Light, Sound and Waves

Reversing arrow

Classroom Activity for 11-14 IOP RESOURCES

In this activity, students explore how an arrow can look bigger and reversed through a glass of water.

Learning outcome

Students use the terms object, image, magnified, inverted and diminished when describing images formed by a converging lens.


Each group of students will need:

  • A clear, straight-sided glass or beaker
  • A4 white paper or card
  • A felt tip pen and ruler
  • A jug or bottle of water for pouring


Ask students to:

  1. Draw two short identical arrows on the A4 paper. They should be of a length equal to about a third of the diameter of the glass and pointing the same way, one above the other.
  2. Stand the paper upright – lean it against a book or wall if necessary.
  3. Place the empty glass/beaker so that it is touching the paper.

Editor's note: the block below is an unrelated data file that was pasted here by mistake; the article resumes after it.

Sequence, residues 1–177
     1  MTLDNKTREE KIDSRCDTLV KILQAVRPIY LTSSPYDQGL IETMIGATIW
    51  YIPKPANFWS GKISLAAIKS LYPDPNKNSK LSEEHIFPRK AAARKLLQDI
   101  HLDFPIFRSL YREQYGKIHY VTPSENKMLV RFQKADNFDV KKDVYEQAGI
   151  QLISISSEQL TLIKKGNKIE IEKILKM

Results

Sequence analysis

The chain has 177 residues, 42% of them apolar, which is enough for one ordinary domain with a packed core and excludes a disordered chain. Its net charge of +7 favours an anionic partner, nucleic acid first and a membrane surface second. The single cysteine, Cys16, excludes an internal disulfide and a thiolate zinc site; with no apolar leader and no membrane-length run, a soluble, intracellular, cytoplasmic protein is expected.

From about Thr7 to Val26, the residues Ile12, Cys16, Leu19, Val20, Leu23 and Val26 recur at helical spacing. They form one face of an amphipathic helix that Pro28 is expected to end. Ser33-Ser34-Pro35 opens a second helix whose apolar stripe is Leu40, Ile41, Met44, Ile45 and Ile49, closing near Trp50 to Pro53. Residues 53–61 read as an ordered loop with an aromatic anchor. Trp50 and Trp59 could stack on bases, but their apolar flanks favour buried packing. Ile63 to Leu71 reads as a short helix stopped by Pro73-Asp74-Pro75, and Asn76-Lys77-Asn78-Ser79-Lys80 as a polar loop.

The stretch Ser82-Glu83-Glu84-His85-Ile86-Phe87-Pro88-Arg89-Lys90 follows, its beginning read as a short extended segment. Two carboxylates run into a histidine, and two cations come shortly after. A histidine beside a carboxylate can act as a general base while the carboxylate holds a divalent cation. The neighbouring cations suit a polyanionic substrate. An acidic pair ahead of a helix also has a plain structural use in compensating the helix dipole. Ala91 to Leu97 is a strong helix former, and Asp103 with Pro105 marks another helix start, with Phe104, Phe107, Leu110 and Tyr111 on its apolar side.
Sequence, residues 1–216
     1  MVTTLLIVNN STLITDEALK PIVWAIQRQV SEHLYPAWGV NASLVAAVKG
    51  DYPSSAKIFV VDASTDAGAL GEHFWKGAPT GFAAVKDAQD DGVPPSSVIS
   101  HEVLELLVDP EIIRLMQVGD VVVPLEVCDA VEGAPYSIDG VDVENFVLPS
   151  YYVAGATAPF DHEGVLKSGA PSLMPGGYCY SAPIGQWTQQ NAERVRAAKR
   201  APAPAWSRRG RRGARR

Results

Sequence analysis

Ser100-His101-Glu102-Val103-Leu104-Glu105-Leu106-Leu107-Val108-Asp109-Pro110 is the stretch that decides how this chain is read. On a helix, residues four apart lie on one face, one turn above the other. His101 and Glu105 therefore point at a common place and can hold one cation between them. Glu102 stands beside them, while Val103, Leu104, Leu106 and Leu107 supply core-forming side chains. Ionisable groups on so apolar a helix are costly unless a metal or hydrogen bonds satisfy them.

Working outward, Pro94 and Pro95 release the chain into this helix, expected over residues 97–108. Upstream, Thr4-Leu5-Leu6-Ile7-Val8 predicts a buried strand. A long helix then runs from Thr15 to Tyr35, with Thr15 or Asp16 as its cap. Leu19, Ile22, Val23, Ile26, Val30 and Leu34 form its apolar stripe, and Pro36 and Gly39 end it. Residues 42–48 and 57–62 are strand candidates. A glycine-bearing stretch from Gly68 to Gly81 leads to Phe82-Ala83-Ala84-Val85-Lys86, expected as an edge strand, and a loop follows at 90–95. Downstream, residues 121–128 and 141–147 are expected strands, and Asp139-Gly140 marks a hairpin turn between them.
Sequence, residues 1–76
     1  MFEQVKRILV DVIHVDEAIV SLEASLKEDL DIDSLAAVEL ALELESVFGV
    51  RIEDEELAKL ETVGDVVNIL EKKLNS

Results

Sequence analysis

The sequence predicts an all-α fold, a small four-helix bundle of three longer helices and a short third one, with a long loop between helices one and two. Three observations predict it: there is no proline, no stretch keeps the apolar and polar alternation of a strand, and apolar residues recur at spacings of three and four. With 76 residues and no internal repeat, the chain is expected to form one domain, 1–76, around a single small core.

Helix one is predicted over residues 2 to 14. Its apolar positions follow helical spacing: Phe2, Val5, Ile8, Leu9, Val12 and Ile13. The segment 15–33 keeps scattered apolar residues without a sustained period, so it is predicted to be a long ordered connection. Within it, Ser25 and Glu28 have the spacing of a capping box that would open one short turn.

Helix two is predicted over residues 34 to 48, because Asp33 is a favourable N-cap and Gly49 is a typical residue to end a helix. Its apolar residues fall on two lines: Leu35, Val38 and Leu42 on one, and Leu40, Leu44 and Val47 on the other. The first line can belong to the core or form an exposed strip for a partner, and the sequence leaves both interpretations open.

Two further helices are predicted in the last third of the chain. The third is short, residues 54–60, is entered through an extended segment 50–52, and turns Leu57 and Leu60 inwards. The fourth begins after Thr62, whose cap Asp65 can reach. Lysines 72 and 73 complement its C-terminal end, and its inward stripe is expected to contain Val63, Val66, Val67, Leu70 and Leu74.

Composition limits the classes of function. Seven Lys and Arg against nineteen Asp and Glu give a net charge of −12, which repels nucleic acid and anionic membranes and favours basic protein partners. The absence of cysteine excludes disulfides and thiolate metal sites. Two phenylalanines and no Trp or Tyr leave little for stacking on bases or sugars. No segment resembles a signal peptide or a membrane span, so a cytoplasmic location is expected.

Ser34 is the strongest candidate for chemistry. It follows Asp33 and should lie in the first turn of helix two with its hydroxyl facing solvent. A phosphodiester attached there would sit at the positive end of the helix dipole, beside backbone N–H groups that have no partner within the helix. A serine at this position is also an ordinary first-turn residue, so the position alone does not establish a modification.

4. Partly fill the glass so that one of the arrows is visible through water in the glass and the other can be seen through the air above the water.
  5. Gradually move the glass away from the paper.

Discussion prompts

  • How is what you see different from what you drew on the paper?
  • How does it change as you move the glass away from the paper?

Teaching notes

Introduce the terms below to help students describe what they see.

ObjectWhat is drawn on the paper
ImageWhat you see

To start, they will see a magnified image that is the same way around as the object. As they increase distance the image will becomes ‘left-right reversed’ – a bit like the image they see of themselves when they look in a mirror. As they move the glass away from the paper the inverted image will initially be a magnified one, then become the same size as the object, before becoming a diminished image.


Challenge students to film the reversing arrow trick. They will need to position their glass of water so that inverted image is the same size as the object.

This experiment was safety-checked in March 2020.

can be analysed using Refraction Formation of Images
can be analysed using the quantity Focal Length Power of a Lens
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